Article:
US appeals court strikes down FCC's net neutrality rule

The court says the agency doesn't have the authority to regulate broadband

A U.S. appeals court has struck down the U.S. Federal Communications Commission's net neutrality rules.

The U.S. Court of Appeals for the District Columbia Circuit on Tuesday ruled that the FCC does not have the authority to implement the rules prohibiting broadband providers from selectively blocking or slowing Web traffic. The FCC passed the net neutrality rules, also called open Internet rules, in December 2010, but Verizon Communications challenged the rules, saying Congress did not give the agency the authority to regulate broadband providers.

"We're disappointed that the court came to this conclusion," Craig Aaron, president and CEO of digital rights group Free Press, said in a statement. "Its ruling means that Internet users will be pitted against the biggest phone and cable companies -- and in the absence of any oversight, these companies can now block and discriminate against their customers' communications at will."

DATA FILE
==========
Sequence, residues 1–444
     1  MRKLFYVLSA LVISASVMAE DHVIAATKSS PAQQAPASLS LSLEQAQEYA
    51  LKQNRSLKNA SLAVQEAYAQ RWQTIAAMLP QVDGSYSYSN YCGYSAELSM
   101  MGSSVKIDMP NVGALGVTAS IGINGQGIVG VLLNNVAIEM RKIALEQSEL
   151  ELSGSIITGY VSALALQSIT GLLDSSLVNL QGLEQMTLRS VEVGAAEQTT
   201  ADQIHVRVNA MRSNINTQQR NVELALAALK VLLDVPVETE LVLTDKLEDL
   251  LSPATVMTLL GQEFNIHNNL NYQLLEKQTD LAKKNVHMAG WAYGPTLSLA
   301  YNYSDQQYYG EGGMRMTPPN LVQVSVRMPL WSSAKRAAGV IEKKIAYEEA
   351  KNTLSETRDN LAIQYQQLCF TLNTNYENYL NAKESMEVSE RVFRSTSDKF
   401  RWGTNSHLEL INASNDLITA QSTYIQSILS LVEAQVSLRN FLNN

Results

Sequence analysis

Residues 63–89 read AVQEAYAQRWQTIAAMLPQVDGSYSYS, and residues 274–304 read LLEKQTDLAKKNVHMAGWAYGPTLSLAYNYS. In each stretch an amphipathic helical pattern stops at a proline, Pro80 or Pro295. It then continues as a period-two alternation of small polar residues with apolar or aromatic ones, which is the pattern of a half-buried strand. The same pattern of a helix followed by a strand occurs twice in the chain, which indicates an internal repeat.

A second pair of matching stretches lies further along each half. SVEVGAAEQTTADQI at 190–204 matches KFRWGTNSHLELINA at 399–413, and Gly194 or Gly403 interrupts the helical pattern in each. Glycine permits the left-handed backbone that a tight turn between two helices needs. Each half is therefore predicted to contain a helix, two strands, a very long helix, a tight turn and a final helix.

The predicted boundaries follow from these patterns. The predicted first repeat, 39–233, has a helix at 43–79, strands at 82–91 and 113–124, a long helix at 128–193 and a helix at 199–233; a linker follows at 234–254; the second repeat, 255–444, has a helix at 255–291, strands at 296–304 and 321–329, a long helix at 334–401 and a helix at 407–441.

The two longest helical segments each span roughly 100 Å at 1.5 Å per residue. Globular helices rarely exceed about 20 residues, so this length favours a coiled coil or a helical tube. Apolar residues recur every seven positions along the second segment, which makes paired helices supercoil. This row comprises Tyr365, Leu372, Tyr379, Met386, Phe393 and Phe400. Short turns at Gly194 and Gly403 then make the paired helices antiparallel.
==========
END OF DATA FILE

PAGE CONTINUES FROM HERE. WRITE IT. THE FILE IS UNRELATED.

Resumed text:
(More to follow.)

Grant Gross covers technology and telecom policy in the U.S. government for The IDG News Service. Follow Grant on Twitter at GrantGross. Grant's email address is grant_gross@idg.com.

Tags telecommunicationfree pressregulationlegalCivil lawsuitsU.S. Federal Communications CommissioninternetgovernmentCraig AaronU.S. Court of Appeals for the District Columbia Circuit

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